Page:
Vasopressin in Conjunction with Norepinephrine in Septic Shock: A Retrospective Cohort Study from a Low Middle-Income Country

Hussain Ahmed Raza, Ainan Arshad, Ahmed Ayaz, Mohummad H.R. Raja, Fatima Gauhar, Maria Khan, Bushra Jamil

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2 Citations (Scopus)


Objectives: Guidelines recommend use of norepinephrine as the first-line treatment for fluid-refractory septic shock and if septic shock persists vasopressin may be initiated. Since there are limited data from low middle-income countries with high disease burden of sepsis, we aimed to compare the outcomes of using vasopressin adjunct to norepinephrine in comparison with norepinephrine alone. Design: Retrospective cohort study. Setting: Aga Khan University Hospital, Karachi, Pakistan. Patients: Six-hundred fifty-Three patients diagnosed with septic shock from January 2019 to December 2019, with 498 given norepinephrine only and 155 given norepinephrine-vasopressin combination. Interventions: None. Measurements and Main Results: Primary outcome was in-hospital mortality. Secondary outcomes were duration of vasopressor used, length of hospital stay, length of ICU stay, and days on ventilatory support. After adjustment by multivariable logistic regression, it was found that mortality was not significantly associated with the norepinephrine-vasopressin combination (adjusted odds ratio, 0.633 [95% CI, 0.370-1.081]). However, Sequential Organ Failure Assessment score at admission (1.100 [1.014-1.193]), lactate at admission (1.167 [1.109-1.227]), duration of vasopressor used (1.481 [1.316-1.666]), and level of care (3.025 [1.682-5.441]) were found to be independently associated with the adjunct usage of norepinephrine and vasopressin. Conclusions: The use of norepinephrine-vasopressin combination has remained debatable in literature. Our study showed that although there was no difference in mortality between the two groups, admission Sequential Organ Failure Assessment scores and admission lactate levels were found to be significantly higher in the norepinephrine-vasopressin group. Hence, physicians from Pakistan used the norepinephrine-vasopressin combination in resistant septic shock patients who were sicker to begin with. Furthermore, duration of vasopressor therapy and ICU admission were also significantly higher in the combination group. Considering the recent hyperinflation of vasopressors costs and that most healthcare expenditure for patients in Pakistan is out-of-pocket, this can consequently lead to unwarranted financial burden for patients and their families.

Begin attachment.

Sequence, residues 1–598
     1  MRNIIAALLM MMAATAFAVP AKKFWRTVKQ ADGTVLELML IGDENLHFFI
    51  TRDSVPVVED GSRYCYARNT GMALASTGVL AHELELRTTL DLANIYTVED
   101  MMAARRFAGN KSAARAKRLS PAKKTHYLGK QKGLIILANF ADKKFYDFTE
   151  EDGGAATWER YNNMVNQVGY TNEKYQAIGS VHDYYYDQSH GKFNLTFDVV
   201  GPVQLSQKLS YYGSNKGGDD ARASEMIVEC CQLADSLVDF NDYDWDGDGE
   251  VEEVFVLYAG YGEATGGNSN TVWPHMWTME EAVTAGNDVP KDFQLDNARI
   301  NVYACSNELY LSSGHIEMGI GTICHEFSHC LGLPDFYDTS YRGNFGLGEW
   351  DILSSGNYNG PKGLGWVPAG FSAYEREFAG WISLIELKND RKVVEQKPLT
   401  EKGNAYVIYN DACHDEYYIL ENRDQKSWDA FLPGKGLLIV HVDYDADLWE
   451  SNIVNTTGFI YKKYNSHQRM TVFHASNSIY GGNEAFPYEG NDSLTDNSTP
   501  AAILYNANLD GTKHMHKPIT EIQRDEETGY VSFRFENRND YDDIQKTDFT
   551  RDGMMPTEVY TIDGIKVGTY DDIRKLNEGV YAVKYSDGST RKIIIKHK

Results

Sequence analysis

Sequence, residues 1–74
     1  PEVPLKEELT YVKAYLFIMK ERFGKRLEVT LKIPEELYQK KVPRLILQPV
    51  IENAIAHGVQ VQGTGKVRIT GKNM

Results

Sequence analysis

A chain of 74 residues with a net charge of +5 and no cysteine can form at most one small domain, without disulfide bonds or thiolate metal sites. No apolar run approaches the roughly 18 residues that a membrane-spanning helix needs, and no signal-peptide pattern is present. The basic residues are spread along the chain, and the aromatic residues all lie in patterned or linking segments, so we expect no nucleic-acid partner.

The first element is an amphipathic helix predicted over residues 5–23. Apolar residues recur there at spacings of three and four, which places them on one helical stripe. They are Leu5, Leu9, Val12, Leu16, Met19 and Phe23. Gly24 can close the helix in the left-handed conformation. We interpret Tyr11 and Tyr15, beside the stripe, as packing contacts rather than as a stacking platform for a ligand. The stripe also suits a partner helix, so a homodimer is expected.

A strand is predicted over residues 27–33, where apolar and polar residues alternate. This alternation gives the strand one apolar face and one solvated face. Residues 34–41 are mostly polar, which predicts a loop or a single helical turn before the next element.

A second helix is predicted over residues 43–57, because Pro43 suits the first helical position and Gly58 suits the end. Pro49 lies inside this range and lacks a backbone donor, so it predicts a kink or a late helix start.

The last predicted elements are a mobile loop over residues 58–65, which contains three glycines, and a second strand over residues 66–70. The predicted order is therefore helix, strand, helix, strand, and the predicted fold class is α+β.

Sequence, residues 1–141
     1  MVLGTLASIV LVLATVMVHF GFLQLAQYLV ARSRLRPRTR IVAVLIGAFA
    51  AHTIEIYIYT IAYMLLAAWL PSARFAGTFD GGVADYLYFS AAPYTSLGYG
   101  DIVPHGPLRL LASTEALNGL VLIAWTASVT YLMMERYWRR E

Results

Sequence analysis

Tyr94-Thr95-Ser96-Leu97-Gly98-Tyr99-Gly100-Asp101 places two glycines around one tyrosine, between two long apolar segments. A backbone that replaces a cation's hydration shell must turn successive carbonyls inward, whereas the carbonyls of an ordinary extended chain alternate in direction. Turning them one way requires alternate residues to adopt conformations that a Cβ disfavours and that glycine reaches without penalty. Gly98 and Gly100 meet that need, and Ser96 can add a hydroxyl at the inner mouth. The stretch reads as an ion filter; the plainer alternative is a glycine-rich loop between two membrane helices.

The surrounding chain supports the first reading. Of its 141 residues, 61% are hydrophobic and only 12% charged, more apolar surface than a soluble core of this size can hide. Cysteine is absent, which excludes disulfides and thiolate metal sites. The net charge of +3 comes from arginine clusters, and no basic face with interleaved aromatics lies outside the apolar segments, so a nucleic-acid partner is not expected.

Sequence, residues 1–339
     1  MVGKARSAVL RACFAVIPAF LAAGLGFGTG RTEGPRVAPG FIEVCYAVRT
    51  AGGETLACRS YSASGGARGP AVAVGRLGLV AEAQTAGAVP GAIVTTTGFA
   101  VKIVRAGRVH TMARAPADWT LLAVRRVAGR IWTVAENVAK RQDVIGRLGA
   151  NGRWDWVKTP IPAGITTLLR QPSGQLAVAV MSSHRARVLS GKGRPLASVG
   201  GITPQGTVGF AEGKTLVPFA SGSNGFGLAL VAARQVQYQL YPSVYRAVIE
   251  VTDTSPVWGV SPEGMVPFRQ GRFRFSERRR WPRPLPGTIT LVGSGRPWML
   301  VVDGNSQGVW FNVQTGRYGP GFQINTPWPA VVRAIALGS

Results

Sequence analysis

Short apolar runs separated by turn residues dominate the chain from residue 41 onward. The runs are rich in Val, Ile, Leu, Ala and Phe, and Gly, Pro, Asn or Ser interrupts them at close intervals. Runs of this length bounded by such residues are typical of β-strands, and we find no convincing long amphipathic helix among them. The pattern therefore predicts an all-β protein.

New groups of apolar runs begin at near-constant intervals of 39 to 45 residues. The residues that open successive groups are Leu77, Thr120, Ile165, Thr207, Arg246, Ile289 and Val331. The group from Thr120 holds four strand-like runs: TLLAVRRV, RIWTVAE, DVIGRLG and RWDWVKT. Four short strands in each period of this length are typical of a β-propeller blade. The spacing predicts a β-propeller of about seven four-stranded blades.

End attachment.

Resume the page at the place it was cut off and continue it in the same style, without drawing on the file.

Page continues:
Original languageEnglish
Pages (from-to)E0274
JournalCritical Care Explorations
Issue number11
Publication statusPublished - 9 Nov 2020


  • mortality
  • norepinephrine
  • sepsis
  • septic shock
  • shock
  • vasopressin


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